Successful is a word people love, not only to hear but to achieve. One of the biggest contributions in helping farmers and ranchers reach the goal of having a successful herd is by vaccinating. Why? It is one of the first and most important aspects to help a calf survive and mature. Cattle are like humans. They need vaccinations to support and build up their immune systems and protect them from diseases. As cattle progress into different stages of life, various vaccinations should be administered at certain times.
At 2 to 3 months of age, calves should get their first round of vaccinations, again at 30 days before being separated from their mother, and then one more time at separation or after separation from the cow. Most of the vaccinations aim to prevent bacterial infections, respiratory problems, pneumonia and diarrhea and boost the immune system. As the cattle grow into maturity they will require yearly vaccinations.
Vaccinations should always be customized for each person’s operation. To have the most successful vaccination schedule, consult your veterinarian. Additional vaccinations can be added depending on the area.
Understanding the benefit and the purpose of commonly used vaccinations will help to clarify why each is given. Leptospirosis, vibriosis, trichomoniasis, brucellosis, and IBR (infectious bovine rhinotracheitis) all are infectious diseases which often cause abortion and infertility. Parainfluenza Virus 3 (PI3) and Bovine Respiratory Syncytial Virus typically affect the upper and lower respiratory system, causing pneumonia and even death. E. coli is a bacteria that can cause serious diarrhea in young calves.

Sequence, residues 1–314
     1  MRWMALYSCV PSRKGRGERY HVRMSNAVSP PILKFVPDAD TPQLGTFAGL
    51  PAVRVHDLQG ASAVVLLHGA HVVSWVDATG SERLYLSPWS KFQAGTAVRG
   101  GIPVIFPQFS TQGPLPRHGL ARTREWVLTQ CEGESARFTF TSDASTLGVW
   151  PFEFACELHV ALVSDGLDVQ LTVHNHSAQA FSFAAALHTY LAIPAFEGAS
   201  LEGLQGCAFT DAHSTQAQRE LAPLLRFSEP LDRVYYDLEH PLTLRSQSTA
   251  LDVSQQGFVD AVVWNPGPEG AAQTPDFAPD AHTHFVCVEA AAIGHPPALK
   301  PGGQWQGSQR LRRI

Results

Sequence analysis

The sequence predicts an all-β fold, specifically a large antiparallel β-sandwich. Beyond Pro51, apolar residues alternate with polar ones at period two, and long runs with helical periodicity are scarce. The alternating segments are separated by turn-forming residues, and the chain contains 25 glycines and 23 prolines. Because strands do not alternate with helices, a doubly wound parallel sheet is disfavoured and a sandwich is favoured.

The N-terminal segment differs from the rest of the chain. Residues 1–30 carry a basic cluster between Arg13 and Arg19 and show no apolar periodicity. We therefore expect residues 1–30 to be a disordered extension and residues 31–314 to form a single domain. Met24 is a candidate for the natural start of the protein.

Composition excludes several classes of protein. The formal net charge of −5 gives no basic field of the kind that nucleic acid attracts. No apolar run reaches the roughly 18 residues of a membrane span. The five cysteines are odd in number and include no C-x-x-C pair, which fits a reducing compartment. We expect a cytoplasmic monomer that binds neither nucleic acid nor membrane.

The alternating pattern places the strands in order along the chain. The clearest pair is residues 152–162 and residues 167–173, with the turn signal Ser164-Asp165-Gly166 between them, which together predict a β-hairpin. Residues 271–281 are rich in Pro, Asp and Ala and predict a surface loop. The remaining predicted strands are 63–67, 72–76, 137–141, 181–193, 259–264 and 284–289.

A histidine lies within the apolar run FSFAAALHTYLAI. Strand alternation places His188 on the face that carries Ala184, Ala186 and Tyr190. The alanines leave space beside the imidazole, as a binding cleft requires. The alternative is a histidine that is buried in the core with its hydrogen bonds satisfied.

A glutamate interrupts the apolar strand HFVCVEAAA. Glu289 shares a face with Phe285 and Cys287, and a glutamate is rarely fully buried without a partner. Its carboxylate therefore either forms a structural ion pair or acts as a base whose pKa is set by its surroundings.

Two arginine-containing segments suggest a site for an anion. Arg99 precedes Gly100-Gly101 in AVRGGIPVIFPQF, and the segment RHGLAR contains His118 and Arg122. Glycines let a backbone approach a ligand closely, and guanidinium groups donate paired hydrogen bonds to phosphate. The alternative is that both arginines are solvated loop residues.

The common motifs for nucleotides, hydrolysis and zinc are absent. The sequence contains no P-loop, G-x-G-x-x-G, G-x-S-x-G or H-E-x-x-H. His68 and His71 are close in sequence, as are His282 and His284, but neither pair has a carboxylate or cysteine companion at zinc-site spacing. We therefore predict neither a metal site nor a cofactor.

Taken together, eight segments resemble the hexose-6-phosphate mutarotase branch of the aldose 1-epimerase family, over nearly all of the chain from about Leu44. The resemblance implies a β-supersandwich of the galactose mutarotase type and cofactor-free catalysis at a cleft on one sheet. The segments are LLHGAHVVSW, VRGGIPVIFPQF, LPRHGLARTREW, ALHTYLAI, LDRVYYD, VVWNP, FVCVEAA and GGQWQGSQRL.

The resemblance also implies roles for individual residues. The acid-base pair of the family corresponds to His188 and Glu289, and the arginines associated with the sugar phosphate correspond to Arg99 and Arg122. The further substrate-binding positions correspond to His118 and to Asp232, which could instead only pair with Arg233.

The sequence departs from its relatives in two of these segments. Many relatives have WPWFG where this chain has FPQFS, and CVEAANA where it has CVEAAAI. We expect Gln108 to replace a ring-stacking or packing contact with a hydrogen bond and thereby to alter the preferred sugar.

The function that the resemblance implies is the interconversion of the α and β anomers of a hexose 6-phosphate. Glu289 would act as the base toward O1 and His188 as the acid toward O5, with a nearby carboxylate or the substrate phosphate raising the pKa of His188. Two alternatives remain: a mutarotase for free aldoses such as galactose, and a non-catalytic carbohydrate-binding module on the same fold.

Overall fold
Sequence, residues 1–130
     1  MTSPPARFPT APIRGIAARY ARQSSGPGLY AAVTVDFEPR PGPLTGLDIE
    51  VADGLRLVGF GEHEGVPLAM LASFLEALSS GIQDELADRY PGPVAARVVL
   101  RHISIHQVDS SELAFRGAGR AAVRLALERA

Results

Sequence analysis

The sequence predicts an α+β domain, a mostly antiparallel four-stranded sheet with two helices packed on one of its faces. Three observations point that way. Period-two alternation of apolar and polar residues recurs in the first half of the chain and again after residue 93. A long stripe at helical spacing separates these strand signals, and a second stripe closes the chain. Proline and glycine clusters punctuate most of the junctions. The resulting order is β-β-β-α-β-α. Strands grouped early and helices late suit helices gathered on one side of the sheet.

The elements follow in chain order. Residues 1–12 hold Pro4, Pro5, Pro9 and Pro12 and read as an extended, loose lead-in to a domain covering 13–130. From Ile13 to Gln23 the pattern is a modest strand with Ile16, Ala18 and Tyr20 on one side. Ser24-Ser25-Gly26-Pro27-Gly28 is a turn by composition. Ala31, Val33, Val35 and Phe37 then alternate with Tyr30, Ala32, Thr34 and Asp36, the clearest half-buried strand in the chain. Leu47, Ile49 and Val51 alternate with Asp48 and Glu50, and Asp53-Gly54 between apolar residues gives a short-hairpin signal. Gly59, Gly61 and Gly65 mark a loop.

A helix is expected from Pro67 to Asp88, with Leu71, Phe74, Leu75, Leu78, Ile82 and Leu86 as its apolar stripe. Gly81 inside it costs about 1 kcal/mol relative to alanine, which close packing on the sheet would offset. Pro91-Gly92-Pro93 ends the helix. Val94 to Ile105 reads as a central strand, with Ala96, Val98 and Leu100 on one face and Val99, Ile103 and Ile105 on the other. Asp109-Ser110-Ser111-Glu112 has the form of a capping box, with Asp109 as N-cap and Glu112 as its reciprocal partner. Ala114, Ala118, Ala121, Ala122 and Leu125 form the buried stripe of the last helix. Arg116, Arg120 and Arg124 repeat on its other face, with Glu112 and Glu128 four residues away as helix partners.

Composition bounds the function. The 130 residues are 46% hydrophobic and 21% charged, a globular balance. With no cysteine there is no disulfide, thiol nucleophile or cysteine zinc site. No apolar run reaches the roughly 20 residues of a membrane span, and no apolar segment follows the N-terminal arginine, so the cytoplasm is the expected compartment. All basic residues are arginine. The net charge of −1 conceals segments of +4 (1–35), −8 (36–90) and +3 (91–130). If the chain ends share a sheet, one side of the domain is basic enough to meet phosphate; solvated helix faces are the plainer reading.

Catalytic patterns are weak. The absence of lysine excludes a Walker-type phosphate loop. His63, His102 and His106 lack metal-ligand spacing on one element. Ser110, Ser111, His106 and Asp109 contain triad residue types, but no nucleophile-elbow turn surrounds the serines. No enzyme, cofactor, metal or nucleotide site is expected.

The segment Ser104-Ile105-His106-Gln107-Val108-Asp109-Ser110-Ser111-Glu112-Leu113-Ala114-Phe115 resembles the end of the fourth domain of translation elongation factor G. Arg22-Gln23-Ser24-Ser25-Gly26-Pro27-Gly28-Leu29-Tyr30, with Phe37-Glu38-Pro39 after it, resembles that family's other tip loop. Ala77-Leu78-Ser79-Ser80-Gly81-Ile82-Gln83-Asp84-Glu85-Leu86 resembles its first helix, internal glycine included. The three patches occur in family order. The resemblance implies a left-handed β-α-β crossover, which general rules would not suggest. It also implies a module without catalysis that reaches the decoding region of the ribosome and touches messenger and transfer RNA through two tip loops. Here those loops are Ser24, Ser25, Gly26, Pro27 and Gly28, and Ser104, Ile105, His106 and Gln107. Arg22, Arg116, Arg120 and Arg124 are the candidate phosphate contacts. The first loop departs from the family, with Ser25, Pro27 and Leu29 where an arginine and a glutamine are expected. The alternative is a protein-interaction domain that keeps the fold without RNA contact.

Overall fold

Blackleg is a highly fatal disease caused by Clostridium chauvoei in young cattle. It inflames muscle tissue, and often the leg muscle turns blackish red in color, hence the name Blackleg. Bovine virus diarrhea can damage the digestive and immune systems and cause pneumonia, abortions, deformities and many other symptoms. Pink eye is a common infectious disease affecting the eyes, causing redness and inflammation to the lining of the eyelid and eyeball. Anaplasmosis is a vector-borne infectious blood disease, which means it is transmitted by biting insects. It causes anemia, fever, weight loss, breathlessness, uncoordinated movements, abortion and death.
Nutrition is the foundation of all aspects for cattle to keep them healthy. Giving vaccinations to cattle when their immune system is weak will not effectively benefit the animal. Vaccinations need to be administered when cattle are healthy unless a veterinarian says differently. When administering certain vaccinations, they must be in the correct location or it won’t work or could have adverse effects. The best location is in the neck, given under the skin. Administering too many vaccinations at the same time can cause interference with vaccines that aren’t licensed to be used together.
The cost of vaccinating a herd is substantially less than losing cattle to disease. Avoid paying extra money and having outrageous vet bills. Veterinarians are here to help farmers and ranchers, to provide more knowledge based on each individual herd. It is always better to be safe than sorry and have a good preventative health program. Be prepared for the worst and hope for the best. Sticking to a vaccination schedule will help ranchers have a successful herd.
This essay on a topic in agriculture was researched and written by a student as part of a project in a senior animal science class at Fort Hays State University
Macy Keller, a 2015 Palco High School graduate, is a junior majoring in animal science at Fort Hays State University.